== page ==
He married my DSis and now they also have two young boys. He punched my Dsis and I am sure that he is violent towards my DNephews but I have no proof. She kicked him out after he hit her when she was PG with DS2 but then let him back in a year later after having had nothing to do with him. He had apparently had 'counseling' and anger management.

SS are still keeping an eye on the boys so are still involved (luckily).

Because of him we now have little to do with DSis. I cannot accept that she took this man back and put her own DSs at risk of harm. When we do have family gatherings he will (very occasionally) come along and I will be polite, but we generally avoid any meeting with him at all costs.

So on that basis, I would probably go along to the BBQ but have nothing to do with him apart from social situations like that. He will know what you think of him so will be under no illusions that you like him.

ApocalypseNowt Tue 29-Jul-14 16:40:39

Agree with several other PPs. I would go to the bbq as support for my sister but i wouldn't have him in my home.

magoria Tue 29-Jul-14 17:19:00

There is no way I would attend or take my child to a place or allow a violent, sick sadistic bastard like this was into my house and childs do.

The courts decided it was bad enough for a restraining order. Just because your sister and your mum deem him OK to be around doesn't mean you should.

If you go how do you then explain that he is not welcome to yours? You can't because your mum will just turn around and say you are not fair and now your sister and her cannot come. It is a cycle that will spin until you give in an allow him to attend.

Tell them especially your sister that you love them and are always there for them if they want you but you will not be attending and this man will never be entering your house. If he proves himself over a year or so. That he has quit drinking (barely drinking is BS as it means he still is and still will) and there is no more of his behaviour then I would consider meeting away from your house.

ladyblablah Tue 29-Jul-14 17:20:56

One of the 'features' of abusive relationships is isolating your sister from her support network.
So he kind of wins if you don't go.

At all costs maintaining her support network is priority.

Jux Tue 29-Jul-14 17:38:15

I would go. A polite curt nod in his general direction would be the most he would get from me.

He would not be invited to my house, ever. DSis will have to take that on the chin and decide for herself whether she comes or not, but she comes alone.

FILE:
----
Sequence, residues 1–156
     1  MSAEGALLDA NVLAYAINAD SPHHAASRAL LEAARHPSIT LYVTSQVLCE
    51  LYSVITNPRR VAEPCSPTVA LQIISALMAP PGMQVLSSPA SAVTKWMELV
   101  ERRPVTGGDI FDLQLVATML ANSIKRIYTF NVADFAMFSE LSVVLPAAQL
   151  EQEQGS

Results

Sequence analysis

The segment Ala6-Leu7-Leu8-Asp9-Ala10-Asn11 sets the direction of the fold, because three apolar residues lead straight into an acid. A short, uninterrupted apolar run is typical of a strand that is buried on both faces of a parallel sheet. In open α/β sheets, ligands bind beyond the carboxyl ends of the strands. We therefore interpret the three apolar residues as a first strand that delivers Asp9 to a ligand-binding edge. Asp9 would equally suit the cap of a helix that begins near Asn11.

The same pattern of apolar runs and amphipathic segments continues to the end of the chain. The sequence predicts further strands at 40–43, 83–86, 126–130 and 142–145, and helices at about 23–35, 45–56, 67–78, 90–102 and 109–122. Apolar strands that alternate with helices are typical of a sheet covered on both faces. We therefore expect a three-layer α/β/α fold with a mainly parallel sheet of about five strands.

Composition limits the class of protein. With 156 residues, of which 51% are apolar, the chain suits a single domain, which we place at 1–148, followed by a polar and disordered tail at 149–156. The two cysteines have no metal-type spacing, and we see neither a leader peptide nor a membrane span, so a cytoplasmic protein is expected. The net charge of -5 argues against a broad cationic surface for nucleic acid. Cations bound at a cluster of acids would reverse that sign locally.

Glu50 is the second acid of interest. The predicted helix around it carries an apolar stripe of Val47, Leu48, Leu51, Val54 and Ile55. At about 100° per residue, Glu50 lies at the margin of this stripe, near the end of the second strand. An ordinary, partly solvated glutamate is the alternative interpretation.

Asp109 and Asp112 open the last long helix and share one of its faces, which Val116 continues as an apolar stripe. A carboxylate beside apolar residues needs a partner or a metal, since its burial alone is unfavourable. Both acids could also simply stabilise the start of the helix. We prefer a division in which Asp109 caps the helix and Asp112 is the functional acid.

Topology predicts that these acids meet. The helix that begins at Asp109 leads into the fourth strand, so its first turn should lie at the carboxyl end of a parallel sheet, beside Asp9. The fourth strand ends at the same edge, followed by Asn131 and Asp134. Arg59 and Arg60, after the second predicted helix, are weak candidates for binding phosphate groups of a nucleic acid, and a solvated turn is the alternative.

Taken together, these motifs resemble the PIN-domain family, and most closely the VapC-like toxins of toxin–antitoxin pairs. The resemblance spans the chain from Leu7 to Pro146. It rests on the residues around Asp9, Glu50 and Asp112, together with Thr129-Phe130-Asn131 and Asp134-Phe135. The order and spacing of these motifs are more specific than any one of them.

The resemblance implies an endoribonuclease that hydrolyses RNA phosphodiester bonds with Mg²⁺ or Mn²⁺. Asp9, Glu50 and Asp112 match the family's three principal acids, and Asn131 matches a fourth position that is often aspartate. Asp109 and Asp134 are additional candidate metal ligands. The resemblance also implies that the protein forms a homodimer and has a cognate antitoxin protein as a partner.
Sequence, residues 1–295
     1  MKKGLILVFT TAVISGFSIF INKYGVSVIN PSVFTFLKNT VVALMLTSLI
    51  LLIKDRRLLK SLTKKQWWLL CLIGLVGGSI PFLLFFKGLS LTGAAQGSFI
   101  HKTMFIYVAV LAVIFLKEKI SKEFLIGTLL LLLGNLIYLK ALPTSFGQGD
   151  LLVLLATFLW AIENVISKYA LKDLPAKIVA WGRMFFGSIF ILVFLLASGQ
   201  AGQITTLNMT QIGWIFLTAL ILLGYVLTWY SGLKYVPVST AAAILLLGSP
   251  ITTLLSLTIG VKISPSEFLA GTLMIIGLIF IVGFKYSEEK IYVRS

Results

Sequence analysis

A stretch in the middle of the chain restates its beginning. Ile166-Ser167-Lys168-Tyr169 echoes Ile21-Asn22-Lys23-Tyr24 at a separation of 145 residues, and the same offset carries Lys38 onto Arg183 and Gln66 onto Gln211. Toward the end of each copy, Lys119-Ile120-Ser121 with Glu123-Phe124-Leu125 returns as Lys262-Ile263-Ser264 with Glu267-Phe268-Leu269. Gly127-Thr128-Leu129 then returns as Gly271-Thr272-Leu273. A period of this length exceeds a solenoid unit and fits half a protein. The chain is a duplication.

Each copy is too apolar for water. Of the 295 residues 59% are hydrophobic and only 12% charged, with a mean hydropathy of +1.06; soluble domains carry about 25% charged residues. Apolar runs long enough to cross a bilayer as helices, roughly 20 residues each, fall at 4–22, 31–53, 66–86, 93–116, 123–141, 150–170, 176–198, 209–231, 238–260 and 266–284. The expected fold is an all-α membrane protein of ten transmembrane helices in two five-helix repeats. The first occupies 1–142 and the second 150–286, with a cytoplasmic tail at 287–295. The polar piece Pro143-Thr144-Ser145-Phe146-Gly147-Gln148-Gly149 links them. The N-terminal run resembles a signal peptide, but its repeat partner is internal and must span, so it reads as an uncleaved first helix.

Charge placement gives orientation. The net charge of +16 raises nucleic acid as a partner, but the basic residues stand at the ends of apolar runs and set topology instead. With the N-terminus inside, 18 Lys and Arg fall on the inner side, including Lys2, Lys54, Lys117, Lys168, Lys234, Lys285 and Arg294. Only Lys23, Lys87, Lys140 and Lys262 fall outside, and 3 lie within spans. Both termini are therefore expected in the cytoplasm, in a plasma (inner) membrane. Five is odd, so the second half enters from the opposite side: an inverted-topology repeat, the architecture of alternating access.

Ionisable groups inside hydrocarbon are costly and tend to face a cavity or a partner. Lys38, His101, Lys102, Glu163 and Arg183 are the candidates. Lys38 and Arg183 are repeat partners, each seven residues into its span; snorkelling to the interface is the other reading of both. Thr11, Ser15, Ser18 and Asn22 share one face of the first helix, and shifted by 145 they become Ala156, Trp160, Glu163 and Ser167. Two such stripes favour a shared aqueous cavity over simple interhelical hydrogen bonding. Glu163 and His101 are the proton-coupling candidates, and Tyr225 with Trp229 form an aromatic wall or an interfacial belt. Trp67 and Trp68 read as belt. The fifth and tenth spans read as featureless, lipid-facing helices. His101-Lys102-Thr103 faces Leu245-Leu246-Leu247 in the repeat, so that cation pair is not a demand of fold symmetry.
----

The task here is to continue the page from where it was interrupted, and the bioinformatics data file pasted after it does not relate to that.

I would make an effort to phone her frequently though, chit chat, have a laugh, keeps it light, pleasant and constant. She will be able to tell you whatever she needs to if the lines are kept open.

whatdoesittake48 Tue 29-Jul-14 17:50:23

If you choose to go. ... leave your children with a babysitter. Don't let him near your kids. Things could turn ugly very quickly.

badbaldingballerina123 Tue 29-Jul-14 18:00:27

Without going into too much detail I'm in a similar scenario and its something I really struggle with. The abuser in our case has on occasion openly abused our family member in front of us , and there has been many incidents of violence.

I'm not sure where the line is between supporting my family member and enabling abuse. We too have been in similar social situations where we've ended up tolerating him so as not to isolate our family member. I personally think this was a mistake and not something ill be doing ever again . I feel it sends a message to the abuser along the lines of , we know you abuse our relative but we're ok with it. I also suspect playing happy family's contributes to my relatives minimization

Bitter is right when she says your sisters choices have consequences for everyone. I have totally supported my relative for a very long time , if I went into details people would be horrified , but frankly I've had enough.She is free to make whatever choices she wants , and so am I. I have stated that I'm not willing to spend time with an abuser and that Its not fair that I am affected by her choices. This means she now must keep him away and that I am not available to talk endlessly about this for hours anymore . Unfortunately the only solution for us is to simply take a step back for our own mental health. It's horrible.

Vivacia Tue 29-Jul-14 18:02:19

These would be my mantras:

Keep your friends close and your enemies closer

Killing with kindness

And tonnes of passive aggressive, no nonsense bossiness.

MushroomSoup Tue 29-Jul-14 18:20:09

I would go to the BBQ, without the DCs. No way on earth would he be welcome to my house.

I would also blank him at the BBQ.

Actually - no, I wouldn't go. What a twat.

LegoSuperstar Tue 29-Jul-14 18:34:47

Message withdrawn at poster's request.